Martial returns a few moments later, flanked by Naivo, who plays Saint Peter with a massive bunch of keys chiming at his wrist. Eve-Marie rolls her eyes. It's like a carnival in her corridor this afternoon! Naivo is a methodical man: the first key he inserts in the lock opens the door to number 38.

Martial goes in. Naivo stands on the threshold, a meter behind him.

The room is empty.

Martial takes another step forward, disoriented.

"I don't understand. Liane should be here ..."

Naivo puts a hand on the door frame. A shiver runs through his arm. Something is wrong here: he sensed it instantly. While Martial scans the room's few recesses, Naivo's eyes fix on every detail. The double bed, with the fuchsia duvet rolled in a ball. The scattered clothes. The cushions and the remote control on the carpet. The white glass vase knocked off the roble-wood shelf. All clues pointing to a violent domestic quarrel.

Or to a passionate fuck between consenting lovers, thinks Naivo, forcing himself to be more positive.

Frantic, Martial opens the bathroom door.

Nobody there.

Not in this room, or anywhere else. There is no balcony, no space under the bed in which she could hide, no cupboard with doors that close, only wooden shelving.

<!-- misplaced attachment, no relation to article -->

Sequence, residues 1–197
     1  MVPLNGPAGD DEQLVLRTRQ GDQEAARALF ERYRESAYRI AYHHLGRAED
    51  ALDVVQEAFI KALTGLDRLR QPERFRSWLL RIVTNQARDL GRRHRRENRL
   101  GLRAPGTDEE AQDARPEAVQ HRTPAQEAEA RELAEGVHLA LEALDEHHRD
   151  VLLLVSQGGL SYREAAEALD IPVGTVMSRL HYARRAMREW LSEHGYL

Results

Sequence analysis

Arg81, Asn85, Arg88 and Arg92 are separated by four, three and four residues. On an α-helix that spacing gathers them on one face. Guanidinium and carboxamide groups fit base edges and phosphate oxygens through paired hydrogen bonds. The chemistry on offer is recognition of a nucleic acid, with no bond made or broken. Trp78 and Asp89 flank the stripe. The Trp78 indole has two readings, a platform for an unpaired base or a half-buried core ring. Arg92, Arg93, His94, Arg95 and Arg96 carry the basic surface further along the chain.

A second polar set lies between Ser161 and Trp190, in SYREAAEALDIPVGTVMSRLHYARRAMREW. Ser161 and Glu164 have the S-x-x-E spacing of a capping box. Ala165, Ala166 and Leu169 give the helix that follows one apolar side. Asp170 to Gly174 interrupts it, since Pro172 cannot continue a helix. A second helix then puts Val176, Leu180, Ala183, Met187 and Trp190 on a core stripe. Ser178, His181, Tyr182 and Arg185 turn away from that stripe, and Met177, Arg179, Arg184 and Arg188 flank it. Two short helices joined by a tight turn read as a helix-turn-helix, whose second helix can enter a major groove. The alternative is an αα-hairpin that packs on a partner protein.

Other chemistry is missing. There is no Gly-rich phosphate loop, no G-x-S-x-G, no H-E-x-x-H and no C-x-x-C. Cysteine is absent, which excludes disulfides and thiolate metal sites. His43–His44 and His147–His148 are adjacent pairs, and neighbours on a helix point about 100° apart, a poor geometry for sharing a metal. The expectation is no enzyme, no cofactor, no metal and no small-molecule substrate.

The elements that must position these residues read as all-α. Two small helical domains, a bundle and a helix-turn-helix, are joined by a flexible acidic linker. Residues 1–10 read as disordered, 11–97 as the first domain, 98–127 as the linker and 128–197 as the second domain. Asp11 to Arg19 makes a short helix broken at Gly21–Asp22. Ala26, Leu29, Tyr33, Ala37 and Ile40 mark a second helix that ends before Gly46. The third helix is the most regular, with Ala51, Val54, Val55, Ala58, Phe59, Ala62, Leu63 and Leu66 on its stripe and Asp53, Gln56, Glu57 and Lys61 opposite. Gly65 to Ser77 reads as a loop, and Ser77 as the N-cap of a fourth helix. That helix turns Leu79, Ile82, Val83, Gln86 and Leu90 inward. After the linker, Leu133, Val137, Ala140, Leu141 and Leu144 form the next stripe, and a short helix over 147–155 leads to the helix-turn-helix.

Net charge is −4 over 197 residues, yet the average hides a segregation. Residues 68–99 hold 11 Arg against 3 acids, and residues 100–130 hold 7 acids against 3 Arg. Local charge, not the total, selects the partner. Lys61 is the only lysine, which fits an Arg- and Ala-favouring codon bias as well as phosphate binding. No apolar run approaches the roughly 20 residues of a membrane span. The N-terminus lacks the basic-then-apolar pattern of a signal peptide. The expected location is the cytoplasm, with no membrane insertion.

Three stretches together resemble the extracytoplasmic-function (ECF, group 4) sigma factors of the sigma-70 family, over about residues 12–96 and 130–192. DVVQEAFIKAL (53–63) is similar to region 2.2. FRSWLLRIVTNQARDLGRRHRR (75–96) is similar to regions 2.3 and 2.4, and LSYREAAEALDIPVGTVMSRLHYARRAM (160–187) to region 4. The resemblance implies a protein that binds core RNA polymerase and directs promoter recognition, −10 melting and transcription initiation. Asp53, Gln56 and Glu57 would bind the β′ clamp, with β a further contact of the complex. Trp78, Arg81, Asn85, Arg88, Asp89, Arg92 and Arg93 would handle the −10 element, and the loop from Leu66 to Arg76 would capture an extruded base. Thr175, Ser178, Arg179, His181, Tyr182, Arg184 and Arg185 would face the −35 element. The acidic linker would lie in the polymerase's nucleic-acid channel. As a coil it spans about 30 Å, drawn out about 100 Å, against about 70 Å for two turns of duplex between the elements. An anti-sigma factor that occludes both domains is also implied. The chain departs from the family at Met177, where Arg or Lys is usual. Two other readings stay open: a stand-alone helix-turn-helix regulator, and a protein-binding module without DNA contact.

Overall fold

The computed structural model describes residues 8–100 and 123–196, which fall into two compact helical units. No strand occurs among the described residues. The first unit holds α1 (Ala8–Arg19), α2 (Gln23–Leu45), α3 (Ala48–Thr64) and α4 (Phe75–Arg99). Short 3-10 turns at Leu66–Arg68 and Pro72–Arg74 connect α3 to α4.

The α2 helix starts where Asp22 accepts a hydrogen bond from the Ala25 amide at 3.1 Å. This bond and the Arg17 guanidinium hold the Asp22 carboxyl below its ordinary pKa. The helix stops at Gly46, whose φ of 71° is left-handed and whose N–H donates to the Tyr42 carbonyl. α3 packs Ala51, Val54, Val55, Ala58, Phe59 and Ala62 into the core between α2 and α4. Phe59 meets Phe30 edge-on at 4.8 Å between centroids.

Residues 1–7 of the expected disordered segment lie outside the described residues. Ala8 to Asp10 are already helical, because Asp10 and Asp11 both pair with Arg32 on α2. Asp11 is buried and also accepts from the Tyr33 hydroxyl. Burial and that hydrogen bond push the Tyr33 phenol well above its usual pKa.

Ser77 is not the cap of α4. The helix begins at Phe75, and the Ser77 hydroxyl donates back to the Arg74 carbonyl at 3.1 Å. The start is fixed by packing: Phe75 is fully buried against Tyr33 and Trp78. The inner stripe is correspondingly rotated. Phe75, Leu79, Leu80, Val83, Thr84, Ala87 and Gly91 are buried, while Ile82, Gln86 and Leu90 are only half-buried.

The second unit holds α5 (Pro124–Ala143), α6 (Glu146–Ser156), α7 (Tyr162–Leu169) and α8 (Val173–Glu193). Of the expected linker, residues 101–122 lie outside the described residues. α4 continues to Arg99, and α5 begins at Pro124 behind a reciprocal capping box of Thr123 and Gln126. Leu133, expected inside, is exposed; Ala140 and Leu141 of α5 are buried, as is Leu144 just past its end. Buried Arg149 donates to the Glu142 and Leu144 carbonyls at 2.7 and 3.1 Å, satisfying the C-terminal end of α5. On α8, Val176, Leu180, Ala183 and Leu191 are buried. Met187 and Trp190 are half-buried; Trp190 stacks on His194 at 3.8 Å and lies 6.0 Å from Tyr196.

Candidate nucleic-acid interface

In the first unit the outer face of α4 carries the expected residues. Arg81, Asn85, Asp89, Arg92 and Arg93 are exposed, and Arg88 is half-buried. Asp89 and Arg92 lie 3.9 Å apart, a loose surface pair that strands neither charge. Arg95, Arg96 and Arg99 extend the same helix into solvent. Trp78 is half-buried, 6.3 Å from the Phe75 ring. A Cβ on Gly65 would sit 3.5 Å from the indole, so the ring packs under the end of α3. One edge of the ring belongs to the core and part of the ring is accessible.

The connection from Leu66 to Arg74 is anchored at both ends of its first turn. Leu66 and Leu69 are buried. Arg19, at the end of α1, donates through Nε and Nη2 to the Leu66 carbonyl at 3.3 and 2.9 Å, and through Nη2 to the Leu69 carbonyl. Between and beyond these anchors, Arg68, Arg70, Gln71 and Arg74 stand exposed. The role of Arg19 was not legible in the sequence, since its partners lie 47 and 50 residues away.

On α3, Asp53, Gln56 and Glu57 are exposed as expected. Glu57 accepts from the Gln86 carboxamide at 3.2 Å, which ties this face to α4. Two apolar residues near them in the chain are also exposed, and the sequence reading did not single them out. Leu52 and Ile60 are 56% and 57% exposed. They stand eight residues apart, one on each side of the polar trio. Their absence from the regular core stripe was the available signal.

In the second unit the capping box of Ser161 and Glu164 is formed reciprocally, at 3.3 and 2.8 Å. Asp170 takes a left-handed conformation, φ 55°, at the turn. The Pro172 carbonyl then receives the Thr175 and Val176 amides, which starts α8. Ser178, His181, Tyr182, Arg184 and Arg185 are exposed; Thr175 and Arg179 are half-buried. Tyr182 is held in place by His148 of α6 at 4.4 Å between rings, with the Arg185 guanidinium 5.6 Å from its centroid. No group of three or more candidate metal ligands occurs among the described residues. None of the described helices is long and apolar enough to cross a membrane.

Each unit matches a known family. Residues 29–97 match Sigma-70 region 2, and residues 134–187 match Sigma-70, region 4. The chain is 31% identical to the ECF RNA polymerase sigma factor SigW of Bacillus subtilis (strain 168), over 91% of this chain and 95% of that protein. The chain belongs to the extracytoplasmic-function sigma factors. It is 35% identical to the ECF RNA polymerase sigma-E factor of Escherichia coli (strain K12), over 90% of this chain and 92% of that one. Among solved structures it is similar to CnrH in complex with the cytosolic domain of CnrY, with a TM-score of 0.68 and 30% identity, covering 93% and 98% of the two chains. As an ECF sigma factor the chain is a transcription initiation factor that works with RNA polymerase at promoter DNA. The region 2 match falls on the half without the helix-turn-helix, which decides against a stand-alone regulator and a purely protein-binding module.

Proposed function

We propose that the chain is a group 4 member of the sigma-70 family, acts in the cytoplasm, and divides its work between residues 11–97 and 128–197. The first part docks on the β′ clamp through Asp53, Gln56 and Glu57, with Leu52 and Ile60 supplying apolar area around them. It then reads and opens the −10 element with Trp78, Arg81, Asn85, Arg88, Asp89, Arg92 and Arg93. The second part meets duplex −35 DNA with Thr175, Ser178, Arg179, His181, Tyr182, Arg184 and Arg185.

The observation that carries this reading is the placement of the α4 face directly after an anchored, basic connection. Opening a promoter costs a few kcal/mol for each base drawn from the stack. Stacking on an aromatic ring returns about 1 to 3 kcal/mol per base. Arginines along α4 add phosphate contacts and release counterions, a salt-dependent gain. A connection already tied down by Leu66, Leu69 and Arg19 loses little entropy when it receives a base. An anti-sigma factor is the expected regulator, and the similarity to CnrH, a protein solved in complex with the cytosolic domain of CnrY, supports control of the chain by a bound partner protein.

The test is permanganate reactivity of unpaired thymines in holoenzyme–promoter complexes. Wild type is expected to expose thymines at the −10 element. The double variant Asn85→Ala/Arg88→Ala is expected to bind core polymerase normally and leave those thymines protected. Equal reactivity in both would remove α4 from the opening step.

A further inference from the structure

Martial sits on the bed, looking devastated, lost. And yet, bizarrely, Naivo does not believe him. He won't really know how to express this to the police, but something in Bellion's reaction does not seem natural. He will simply describe the scene to Captain Purvi, describe this handsome, self-assured, forty-year-old father collapsing like a child when he found the room empty. This playboy in his trunks sitting like a statue on the edge of the bed. Perhaps that was what struck him as surreal in the moment it happened. The contrast ...

The contrast ... and the red stains ...

Sweat pours down Naivo's forehead.

Red stains on the bedsheet.

Naivo stares. A dozen other red stains are spread across the beige carpet, around the bed, near the window, on the curtains. He falls silent. All he can see now is a room splattered with blood.

Indecision.

The moment seems to stretch, though in reality it lasts no more than a few seconds. Martial stands up, silent, and stalks around the room, throwing the clothes from the bed as if searching for an explanation, a note, some kind of clue. Naivo senses Eve-Marie staring over his shoulder. She has walked towards them, cloth in hand so she has an excuse. The cloth is the same turquoise color as the scarf she wears in her hair.

(Continues…)


Excerpted from "Don't Let Go"
by .
Copyright © 2013 Presses de la Cité, a department of Place des Editeurs.
Excerpted by permission of Europa Editions.
All rights reserved. No part of this excerpt may be reproduced or reprinted without permission in writing from the publisher.
Excerpts are provided by Dial-A-Book Inc. solely for the personal use of visitors to this web site.